Kamin Whitehouse, a computer science professor here at UVa, has for many years been leading a project with the aim to produce a home that will give detailed feedback on energy usage in a household. In 2013, 40% of total U.S. energy consumption was consumed in residential and commercial buildings, according to the United States Energy Information Administration. Household energy is largely used by heating, ventilation and air conditioning systems, which account for nearly 43% of the total household energy usage.
The goal of the project is to be able to track individuals energy use within the home, to truly know how energy use could be decreased. The developed sensors, at approximately $25, will be able to zero-in on an individual to know how they use energy while in the home, but also be able to reduce energy waste due to human error. In addition to tracking the usage, the goal is to be able to minimize energy use as a whole, such as being able to know when to turn off the heating or cooling system when the occupant leaves the room. Incredible amounts of programming must go in, especially if the system will be able to plan ahead for occupants by pre-heating and cooling the house or a room before the occupant arrives.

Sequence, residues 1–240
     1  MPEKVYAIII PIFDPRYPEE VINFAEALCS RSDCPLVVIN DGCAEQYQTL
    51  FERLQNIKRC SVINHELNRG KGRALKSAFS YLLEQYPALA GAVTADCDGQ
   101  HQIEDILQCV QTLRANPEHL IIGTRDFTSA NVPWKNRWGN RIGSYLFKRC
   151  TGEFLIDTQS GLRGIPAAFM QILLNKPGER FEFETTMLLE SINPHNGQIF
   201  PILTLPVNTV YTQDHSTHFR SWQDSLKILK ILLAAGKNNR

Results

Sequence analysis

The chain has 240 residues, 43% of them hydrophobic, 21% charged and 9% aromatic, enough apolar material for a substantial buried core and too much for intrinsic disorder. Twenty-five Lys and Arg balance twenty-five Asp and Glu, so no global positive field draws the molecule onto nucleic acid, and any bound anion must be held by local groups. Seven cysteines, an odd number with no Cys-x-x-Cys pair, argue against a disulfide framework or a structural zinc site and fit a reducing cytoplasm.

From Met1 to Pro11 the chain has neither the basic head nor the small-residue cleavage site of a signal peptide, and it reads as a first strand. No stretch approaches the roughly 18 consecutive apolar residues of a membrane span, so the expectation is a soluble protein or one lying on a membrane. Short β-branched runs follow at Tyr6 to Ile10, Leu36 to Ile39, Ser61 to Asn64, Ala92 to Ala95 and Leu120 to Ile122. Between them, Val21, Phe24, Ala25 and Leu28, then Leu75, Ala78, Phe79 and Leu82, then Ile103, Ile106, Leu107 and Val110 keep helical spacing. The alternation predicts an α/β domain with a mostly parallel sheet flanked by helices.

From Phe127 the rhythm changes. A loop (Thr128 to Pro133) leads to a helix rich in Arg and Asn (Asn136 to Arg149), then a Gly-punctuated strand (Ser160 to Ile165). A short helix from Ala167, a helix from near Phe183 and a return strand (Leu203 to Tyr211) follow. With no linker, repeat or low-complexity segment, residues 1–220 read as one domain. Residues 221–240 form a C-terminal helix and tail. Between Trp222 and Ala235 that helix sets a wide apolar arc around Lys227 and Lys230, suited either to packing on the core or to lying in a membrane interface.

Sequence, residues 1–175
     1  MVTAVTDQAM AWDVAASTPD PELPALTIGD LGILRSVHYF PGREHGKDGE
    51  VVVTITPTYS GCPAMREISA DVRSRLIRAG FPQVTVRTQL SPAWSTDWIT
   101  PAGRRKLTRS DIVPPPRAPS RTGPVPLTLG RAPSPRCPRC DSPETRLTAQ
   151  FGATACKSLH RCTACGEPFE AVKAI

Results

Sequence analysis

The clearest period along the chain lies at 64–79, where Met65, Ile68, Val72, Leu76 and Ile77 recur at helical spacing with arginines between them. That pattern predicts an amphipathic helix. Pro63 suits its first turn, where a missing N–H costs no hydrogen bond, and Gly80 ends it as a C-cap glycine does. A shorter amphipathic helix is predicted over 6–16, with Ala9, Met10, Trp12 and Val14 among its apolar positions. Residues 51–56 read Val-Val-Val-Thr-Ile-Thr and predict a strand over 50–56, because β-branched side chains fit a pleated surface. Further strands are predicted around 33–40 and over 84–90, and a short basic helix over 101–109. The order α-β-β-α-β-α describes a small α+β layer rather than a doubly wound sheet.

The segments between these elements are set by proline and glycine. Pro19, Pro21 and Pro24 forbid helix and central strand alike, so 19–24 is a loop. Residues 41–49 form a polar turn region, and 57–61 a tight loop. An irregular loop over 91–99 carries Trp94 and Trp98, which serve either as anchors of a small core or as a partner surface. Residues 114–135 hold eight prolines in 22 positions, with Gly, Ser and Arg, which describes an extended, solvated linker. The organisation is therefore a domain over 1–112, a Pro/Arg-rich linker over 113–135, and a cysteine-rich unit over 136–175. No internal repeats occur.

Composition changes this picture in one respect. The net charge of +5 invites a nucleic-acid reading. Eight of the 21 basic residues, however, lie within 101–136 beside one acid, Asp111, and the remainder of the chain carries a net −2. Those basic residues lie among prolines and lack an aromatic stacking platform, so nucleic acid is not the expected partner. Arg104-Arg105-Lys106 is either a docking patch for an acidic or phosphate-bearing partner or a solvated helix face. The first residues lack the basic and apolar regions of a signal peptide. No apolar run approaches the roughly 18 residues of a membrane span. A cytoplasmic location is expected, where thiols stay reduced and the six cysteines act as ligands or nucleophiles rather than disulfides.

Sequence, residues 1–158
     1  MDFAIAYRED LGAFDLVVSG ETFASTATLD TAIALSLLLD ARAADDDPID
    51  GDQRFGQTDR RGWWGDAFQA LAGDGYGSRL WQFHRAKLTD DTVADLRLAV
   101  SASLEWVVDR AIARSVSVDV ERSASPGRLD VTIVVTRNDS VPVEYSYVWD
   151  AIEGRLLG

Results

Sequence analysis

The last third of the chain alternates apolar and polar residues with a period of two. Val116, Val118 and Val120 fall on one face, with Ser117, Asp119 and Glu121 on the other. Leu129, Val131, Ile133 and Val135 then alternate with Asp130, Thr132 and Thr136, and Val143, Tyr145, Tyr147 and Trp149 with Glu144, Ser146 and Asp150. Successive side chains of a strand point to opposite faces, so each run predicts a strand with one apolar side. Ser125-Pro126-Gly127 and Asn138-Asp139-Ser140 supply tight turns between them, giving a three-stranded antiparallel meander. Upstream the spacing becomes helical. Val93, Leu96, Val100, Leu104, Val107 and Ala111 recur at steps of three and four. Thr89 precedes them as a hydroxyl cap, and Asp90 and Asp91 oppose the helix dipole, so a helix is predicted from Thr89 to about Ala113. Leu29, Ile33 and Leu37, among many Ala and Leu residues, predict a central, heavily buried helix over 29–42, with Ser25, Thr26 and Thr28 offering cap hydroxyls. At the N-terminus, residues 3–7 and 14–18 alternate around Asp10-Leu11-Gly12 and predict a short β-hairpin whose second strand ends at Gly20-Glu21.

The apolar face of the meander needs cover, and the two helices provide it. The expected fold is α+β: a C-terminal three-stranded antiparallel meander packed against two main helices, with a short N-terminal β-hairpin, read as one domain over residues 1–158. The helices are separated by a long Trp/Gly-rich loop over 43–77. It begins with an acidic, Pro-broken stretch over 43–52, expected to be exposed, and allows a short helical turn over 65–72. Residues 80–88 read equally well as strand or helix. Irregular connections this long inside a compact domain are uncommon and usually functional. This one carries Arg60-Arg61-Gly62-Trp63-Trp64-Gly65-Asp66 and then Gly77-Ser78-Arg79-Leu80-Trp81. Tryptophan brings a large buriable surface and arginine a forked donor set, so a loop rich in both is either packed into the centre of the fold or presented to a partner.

Whitehouse has said this is even more applicable outside of energy savings, but because of the detailed usage that is recorded by the system, there is even applicability in roommates splitting energy bills more fairly, something I know would lessen tension between many students.
Its amazing how much can be done with simple sensors in a household, especially at only $25. The team has been working for over 4 years on developing their system, and we can only hope that this is more widely implemented in the future to reduce wasteful energy use in households across the country and globe.